It seems that Egypt wants clear guarantees from Tel Aviv and Washington, first to avoid a mass exodus of Palestinians from Gaza; second to ensure the return of the wounded and their travel companions to the Gaza Strip after complete recovery; and third to amend security arrangements agreed upon in Sinai, specifically in Area C (which includes Rafah) at the request of one of the two parties and by their agreement, in accordance with the 1979 Camp David peace treaty signed between Egypt and Israel.
According to a political expert who spoke to me on condition of anonymity, Cairo hopes to eliminate Hamas from the region and restore the role of the Palestinian Authority, led by Mahmoud Abbas, in managing the Rafah crossing on the Palestinian side. That was the agreement between Israel and the PA in November 2005.
“The crossing is subject to Palestinian-Israeli control under European sponsorship, which monitors the right of the Palestinian side to cross and trade in a way that does not harm Israeli security,” stipulated the agreement. “The working mechanism at the crossing will be conducted in a way that allows Palestinian and Israeli security officials to monitor the crossing with cameras that are remotely controlled from a control room managed by the European Union.”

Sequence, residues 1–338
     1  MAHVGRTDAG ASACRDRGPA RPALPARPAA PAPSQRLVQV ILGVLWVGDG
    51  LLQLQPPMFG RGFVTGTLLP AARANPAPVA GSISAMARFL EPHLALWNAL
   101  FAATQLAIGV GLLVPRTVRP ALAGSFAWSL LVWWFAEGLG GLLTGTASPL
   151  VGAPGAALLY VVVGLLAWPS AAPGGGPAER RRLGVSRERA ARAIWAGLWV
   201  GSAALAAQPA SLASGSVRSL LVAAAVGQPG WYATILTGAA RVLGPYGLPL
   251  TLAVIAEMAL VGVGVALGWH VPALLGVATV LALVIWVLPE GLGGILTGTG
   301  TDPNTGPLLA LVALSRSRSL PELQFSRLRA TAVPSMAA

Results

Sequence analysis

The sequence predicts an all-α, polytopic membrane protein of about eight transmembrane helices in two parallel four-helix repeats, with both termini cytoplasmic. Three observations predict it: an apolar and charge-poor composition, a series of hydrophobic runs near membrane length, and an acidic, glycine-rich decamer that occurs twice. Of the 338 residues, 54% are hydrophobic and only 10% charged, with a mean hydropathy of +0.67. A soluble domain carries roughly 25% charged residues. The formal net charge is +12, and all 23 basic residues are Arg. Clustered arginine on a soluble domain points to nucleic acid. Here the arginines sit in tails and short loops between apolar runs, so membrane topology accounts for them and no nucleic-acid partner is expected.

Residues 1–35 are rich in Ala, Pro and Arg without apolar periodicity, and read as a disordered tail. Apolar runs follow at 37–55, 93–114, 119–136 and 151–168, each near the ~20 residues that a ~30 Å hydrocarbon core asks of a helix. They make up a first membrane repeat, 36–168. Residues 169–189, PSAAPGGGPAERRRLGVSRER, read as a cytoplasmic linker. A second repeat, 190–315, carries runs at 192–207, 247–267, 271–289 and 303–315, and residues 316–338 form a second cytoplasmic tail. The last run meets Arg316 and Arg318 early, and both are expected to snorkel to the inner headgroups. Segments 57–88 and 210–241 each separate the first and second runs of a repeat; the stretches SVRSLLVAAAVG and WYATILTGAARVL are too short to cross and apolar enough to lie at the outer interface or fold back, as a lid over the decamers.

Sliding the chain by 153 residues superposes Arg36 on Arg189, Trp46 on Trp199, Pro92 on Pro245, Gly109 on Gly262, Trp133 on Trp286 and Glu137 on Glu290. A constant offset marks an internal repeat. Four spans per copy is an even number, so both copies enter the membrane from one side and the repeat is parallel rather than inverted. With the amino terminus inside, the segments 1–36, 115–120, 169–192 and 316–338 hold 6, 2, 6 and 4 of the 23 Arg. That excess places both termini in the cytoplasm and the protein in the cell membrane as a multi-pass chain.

After Hamas took security control of the Gaza Strip in June 2007, Egypt closed the crossing and has since only opened it intermittently. This followed the withdrawal of the PA security forces and the refusal of European observers to deal with employees affiliated with Hamas.
The Rafah border crossing, therefore, remains a pivotal issue in the ongoing war in Gaza. Its opening is seen as a priority for the Palestinians to overcome a comprehensive political and economic siege. However, its closure places strategic pressure on Hamas to release its hostages and stop firing rockets towards Israel. Apart from anything else, keeping it open is surely a moral and humanitarian imperative if 2.3 million Palestinians are not to die from starvation and preventable illnesses, and even cold in the absence of fuel this winter.
The views expressed in this article belong to the author and do not necessarily reflect the editorial policy of Middle East Monitor.